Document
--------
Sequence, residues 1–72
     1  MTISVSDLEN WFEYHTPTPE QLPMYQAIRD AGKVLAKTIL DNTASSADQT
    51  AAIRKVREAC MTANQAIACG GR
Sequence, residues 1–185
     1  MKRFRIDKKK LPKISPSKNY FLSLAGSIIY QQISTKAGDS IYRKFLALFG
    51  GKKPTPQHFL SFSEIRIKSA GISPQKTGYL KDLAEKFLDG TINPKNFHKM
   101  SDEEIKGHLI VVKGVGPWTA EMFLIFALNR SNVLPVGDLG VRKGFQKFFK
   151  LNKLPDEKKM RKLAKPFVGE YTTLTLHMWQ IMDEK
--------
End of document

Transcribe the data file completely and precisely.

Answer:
Sequence, residues 1–72
     1  MTISVSDLEN WFEYHTPTPE QLPMYQAIRD AGKVLAKTIL DNTASSADQT
    51  AAIRKVREAC MTANQAIACG GR
Sequence, residues 1–185
     1  MKRFRIDKKK LPKISPSKNY FLSLAGSIIY QQISTKAGDS IYRKFLALFG
    51  GKKPTPQHFL SFSEIRIKSA GISPQKTGYL KDLAEKFLDG TINPKNFHKM
   101  SDEEIKGHLI VVKGVGPWTA EMFLIFALNR SNVLPVGDLG VRKGFQKFFK
   151  LNKLPDEKKM RKLAKPFVGE YTTLTLHMWQ IMDEK